Spokes models

SciAm has a piece in the October issue which argues that US cities are not particularly bicycle-friendly, and that even in the most so, male cyclists far outnumber females. The reasoning:

Women are considered an “indicator species” for bike-friendly cities for several reasons. First, studies across disciplines as disparate as criminology and child ¬≠rearing have shown that women are more averse to risk than men. In the cycling arena, that risk aversion translates into increased demand for safe bike infrastructure as a prerequisite for riding. Women also do most of the child care and household shopping, which means these bike routes need to be organized around practical urban destinations to make a difference.

Bike Pittsburgh has been running the numbers for the 60 largest US cities, and only 20 have even 1 percent of commuters on bicycles. Portland, at 6 percent, has the most. But even in Portland, there are half again as many men as women on wheels.

Near the bottom of the top 60 is Oklahoma City, ranked 56th, with a whole 0.2 percent of commuters on bicycles: 0.3 percent of men, 0.1 percent of women. Dallas finished dead last, as anyone who has ever driven there can probably understand; Tulsa finished 43rd overall, though it’s tied for 22nd for women. (Among women only, OKC rises to a tie for 37th.) It might be useful for our Trails people to see what Tulsa is doing to promote cycling. And SciAm notes:

In the U.S., most cycling facilities consist of on-street bike lanes, which require riding in vehicle-clogged traffic, notes John Pucher, a professor of urban planning at Rutgers University and longtime bike scholar. And when cities do install traffic-protected off-street bike paths, they are almost always along rivers and parks rather than along routes leading “to the supermarket, the school, the day care center,” Pucher says.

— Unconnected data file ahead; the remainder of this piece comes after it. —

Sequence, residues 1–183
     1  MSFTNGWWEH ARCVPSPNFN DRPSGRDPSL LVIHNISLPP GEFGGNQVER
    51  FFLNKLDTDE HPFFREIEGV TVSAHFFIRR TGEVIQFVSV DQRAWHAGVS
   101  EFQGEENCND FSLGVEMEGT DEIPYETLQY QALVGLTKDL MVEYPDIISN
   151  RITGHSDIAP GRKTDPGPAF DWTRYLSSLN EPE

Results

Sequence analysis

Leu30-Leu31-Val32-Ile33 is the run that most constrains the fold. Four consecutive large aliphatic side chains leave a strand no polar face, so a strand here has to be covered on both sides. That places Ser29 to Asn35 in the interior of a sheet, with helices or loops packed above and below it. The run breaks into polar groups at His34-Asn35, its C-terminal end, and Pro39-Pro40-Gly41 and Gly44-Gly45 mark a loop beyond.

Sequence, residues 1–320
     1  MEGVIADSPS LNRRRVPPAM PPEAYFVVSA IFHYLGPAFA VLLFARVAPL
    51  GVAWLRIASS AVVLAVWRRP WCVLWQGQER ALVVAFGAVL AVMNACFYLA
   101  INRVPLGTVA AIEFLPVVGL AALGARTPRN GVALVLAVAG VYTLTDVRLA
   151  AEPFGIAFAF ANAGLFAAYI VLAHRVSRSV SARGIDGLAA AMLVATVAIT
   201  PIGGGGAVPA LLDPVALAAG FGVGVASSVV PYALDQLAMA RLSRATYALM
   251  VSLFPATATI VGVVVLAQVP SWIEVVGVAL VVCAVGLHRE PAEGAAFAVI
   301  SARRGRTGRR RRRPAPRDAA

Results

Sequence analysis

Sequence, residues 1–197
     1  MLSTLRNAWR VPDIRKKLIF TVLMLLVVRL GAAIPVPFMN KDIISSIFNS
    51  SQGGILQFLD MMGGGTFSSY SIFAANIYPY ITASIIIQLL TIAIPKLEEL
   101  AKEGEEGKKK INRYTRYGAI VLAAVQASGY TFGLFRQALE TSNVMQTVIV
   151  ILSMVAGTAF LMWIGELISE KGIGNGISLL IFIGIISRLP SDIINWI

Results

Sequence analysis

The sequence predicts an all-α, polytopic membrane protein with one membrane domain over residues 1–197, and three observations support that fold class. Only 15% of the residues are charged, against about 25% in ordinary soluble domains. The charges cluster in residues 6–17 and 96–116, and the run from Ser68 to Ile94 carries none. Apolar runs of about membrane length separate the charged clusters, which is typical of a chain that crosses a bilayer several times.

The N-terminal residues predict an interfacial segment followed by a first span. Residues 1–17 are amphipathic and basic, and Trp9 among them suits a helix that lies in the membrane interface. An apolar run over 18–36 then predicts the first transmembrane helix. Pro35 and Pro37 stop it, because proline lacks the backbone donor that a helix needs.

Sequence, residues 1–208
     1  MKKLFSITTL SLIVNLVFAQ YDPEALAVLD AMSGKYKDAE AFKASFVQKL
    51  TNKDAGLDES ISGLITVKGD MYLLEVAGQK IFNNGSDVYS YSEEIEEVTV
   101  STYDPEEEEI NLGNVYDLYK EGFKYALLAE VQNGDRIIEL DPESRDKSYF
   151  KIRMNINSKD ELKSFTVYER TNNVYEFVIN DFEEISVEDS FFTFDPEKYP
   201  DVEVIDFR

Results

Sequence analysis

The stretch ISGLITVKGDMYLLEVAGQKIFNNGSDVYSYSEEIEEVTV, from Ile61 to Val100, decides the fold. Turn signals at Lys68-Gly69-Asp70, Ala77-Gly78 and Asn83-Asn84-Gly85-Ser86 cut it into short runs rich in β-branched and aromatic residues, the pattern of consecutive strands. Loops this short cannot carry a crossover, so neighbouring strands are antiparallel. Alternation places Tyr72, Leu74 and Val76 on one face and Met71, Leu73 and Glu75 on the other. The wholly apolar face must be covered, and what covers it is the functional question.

Assuming, of course, they’ll even let you ride to school.







5 comments

  1. McGehee »

    12 October 2009 · 9:40 am

    Peachtree City, GA is laced with off-street paths of that variety, whih they cleverly designated as cart paths rather than bike paths. Of course, this ha led to the bicyclists having to share the paths with people driving carts, so there is a downside…

    But these paths go pretty much everywhere; it’s unusual to drive through a parking lot of any size anywhere in town and not see a golf “car” parked in a space alongside the more conventional motor vehicles.

    Actual bikes are much rarer.

  2. Tam »

    12 October 2009 · 10:10 am

    As a longtime Atlanta resident and current denizen of Indy, I’m shocked to see the former rank higher than the latter; it must be the weather.

    I’d rather bike from Broad Ripple to downtown than from Virginia-Highlands to downtown any day of the week.

  3. canadienne »

    12 October 2009 · 1:00 pm

    I’d love a city with bike paths separated from both pedestrians and cars – some German cities, like Hannover, do a great job of this. North American cities seem to be more fixated on cars. Walking actually feels safer than biking, as bikes do not belong in traffic. Some cyclists are idiots, so they don’t belong on pedestrian paths either. (I bike like I drive, like a little old lady.)

    I admit to environmental concerns, and health concerns (both of which seem to be scorned by some of your commenters), but I think the reason I like to get outside is reflected in Isaac Asimov’s old short story “It’s Such a Beautiful Day”
    http://en.wikipedia.org/wiki/It%27s_Such_a_Beautiful_Day

    I think it is ridiculous that children not be allowed to bike to school!

  4. Lisa Paul »

    14 October 2009 · 9:58 am

    I notice San Francisco is right up there near the top. I think because we do NOT have risk-averse female bikers. In fact, if you see a female bike messenger headed your way, you move over. Even if you are in an Urban Assault Vehicle. You don’t have a chance. These gals carry chains. And they use them.

  5. DFW Point-to-Point »

    15 November 2009 · 2:32 pm

    Propaganda – or Not?…

    I did a little more checking, and this claims it came from Scientific American, though I could find no mention of it there. It also cites “Bike Pittsburgh” as a source, here. It doesn’t really seem to have very high fidelity data, though it does cla…

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